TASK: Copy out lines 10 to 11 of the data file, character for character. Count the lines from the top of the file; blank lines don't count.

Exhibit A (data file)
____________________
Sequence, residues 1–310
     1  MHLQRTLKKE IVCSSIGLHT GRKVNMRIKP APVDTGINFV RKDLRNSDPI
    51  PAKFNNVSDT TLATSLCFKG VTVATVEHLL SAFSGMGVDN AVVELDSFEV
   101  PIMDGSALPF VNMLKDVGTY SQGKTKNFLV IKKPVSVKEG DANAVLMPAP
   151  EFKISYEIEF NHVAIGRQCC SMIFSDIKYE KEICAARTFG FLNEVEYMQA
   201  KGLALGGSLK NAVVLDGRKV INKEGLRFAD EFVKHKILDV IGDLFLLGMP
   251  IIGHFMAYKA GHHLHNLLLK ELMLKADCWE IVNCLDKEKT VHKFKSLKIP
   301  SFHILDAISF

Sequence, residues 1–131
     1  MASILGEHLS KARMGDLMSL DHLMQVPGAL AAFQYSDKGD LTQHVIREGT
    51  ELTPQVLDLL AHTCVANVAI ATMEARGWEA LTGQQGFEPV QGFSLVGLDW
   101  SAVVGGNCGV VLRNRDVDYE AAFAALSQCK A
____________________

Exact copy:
     1  MASILGEHLS KARMGDLMSL DHLMQVPGAL AAFQYSDKGD LTQHVIREGT
    51  ELTPQVLDLL AHTCVANVAI ATMEARGWEA LTGQQGFEPV QGFSLVGLDW